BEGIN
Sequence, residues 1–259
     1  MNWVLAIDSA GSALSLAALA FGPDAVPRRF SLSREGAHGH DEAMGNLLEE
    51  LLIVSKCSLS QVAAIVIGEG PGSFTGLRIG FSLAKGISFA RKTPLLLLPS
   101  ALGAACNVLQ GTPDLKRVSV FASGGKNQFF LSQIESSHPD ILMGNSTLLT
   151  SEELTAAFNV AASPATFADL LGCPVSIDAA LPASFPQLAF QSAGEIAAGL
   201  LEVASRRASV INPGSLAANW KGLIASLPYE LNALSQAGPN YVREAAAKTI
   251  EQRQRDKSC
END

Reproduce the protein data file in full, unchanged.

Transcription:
Sequence, residues 1–259
     1  MNWVLAIDSA GSALSLAALA FGPDAVPRRF SLSREGAHGH DEAMGNLLEE
    51  LLIVSKCSLS QVAAIVIGEG PGSFTGLRIG FSLAKGISFA RKTPLLLLPS
   101  ALGAACNVLQ GTPDLKRVSV FASGGKNQFF LSQIESSHPD ILMGNSTLLT
   151  SEELTAAFNV AASPATFADL LGCPVSIDAA LPASFPQLAF QSAGEIAAGL
   201  LEVASRRASV INPGSLAANW KGLIASLPYE LNALSQAGPN YVREAAAKTI
   251  EQRQRDKSC